A local poet and lifelong environmental activist, MacAdams dedicated his life to restoring the Los Angeles River.

April 21, 2020

Lost in Los (Angeles) by Marisela Norte, 2008

Cutting against the confessional grain of the city’s performance poetry scene, Norte makes a kind of found poetry; the bus is her studio, as she’s said, and her focus is East L.A. Nowhere is her style — prosy description punctuated by the numinous — more evident than in this work, collected in her book, “Peeping Tom Tom Girl.” “I love this poem for the candor, the color, the music, the laundromats and the Kool-Aid,” says Rosecrans Baldwin. “So much living detail from what seems like just another single night.” — BK

Really Mystic River by Suzanne Lummis, 2016


If you want to understand two or more writers, give them each the same subject. Assign the L.A. River to MacAdams, a maximalist bard in the tradition of Walt Whitman, and he’ll write you an epic. Show the same river to the noir-besotted poet Suzanne Lummis, and she’ll write you “Really Mystic River,” a short, witty, profound, elusive charmer as full of questions as answers. Lou Mathews, no mean L.A. chronicler himself, called it “a great poem.” This indispensable lioness of California letters is also a granddaughter of the city’s great early champion, Charles Fletcher Lummis. — DK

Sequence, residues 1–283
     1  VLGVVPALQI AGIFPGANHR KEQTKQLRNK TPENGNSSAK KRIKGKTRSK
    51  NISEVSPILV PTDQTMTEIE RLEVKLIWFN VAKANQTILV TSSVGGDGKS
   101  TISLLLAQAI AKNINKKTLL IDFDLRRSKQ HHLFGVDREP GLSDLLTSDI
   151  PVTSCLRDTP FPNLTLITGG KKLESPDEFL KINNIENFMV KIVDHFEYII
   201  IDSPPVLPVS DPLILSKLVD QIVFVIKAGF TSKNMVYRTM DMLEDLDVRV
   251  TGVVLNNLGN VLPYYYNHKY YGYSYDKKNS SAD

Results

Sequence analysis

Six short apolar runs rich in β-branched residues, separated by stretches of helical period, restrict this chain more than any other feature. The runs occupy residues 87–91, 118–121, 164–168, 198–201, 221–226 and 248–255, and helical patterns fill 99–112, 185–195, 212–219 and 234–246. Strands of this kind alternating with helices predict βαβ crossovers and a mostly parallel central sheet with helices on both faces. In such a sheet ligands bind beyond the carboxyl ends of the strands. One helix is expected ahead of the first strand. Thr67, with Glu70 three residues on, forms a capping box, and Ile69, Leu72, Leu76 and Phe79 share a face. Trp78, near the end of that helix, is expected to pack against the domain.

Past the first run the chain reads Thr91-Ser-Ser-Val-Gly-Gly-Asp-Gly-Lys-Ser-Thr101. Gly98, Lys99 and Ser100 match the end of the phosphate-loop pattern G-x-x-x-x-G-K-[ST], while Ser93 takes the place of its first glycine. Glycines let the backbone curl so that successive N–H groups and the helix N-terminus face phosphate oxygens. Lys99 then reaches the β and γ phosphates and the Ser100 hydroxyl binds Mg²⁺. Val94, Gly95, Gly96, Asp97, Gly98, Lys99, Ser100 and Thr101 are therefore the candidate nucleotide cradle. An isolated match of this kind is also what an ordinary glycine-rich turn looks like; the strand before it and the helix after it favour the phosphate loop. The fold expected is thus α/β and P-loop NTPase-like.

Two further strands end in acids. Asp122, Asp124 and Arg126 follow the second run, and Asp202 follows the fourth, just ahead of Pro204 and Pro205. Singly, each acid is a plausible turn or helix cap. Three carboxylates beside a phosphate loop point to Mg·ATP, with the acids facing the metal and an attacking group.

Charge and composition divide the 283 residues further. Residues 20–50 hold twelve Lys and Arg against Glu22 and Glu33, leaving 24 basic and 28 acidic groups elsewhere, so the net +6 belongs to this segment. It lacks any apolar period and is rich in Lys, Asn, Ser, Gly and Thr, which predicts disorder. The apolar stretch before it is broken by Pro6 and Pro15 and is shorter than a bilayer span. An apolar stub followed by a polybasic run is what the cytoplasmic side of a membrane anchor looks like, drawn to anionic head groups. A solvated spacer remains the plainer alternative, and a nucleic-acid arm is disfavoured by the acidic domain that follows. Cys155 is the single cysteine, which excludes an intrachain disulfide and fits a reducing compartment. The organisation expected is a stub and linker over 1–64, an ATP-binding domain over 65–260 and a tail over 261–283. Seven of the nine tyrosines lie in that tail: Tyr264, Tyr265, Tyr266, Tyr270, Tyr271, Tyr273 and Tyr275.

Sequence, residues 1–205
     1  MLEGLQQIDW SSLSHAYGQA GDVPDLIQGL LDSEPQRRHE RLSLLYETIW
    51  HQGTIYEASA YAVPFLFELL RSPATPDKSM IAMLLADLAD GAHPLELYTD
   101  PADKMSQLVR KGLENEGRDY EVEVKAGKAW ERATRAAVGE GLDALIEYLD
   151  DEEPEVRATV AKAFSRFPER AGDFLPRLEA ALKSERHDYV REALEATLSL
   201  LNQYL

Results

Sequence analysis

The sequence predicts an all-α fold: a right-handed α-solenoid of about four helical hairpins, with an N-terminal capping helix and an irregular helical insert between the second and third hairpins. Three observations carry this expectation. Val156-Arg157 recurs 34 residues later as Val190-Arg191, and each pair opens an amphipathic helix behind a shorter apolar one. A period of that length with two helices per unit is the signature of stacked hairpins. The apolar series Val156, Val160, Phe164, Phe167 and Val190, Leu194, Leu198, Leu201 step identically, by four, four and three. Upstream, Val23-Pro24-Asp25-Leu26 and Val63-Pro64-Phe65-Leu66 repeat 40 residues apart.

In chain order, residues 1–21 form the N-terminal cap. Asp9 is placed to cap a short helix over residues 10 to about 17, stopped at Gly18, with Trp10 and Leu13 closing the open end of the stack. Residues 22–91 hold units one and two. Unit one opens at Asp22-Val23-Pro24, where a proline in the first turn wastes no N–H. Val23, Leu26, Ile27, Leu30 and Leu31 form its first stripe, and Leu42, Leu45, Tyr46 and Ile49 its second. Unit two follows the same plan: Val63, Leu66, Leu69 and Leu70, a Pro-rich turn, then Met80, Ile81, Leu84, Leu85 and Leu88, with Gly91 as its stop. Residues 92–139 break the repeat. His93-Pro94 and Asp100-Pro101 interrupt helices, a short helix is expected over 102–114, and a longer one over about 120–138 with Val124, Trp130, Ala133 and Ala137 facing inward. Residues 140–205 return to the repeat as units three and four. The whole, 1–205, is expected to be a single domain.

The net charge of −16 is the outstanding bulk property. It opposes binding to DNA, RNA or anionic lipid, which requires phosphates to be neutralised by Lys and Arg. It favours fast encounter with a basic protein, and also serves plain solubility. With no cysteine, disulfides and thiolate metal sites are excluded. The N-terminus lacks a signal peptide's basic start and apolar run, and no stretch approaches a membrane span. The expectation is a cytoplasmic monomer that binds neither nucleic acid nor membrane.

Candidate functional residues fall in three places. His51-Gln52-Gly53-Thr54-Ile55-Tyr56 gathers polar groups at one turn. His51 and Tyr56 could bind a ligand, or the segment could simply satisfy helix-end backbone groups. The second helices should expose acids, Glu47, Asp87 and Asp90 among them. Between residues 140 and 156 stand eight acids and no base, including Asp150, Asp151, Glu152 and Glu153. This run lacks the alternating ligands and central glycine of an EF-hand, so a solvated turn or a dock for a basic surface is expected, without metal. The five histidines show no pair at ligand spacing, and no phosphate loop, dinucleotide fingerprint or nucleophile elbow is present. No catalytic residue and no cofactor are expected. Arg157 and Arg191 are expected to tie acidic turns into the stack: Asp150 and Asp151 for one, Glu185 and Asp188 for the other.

To the Realization of Perfect Helplessness by Robin Coste Lewis, 2022

As if winning the National Book Award for her debut collection, “Voyage of the Sable Venus,” wasn’t enough, Coste Lewis followed up with this brilliant combination of art and image. Crafting narratives of deep time and Black art-making that run obliquely alongside photographs of her family’s diasporic past — including a cover photo of downtown L.A. taken by her grandmother — the author, a Compton native, calls this book “a film for the hands” and “an origin myth for the future.” Coste Lewis, who served as L.A.’s poet laureate from 2017-20, continues to push artistic boundaries beyond compare. — CK

Robin Coste Lewis’ latest epic is an excavation of what she calls ‘deep time’ — millennia of Black art-making, community-building and innovation.

Nov. 28, 2022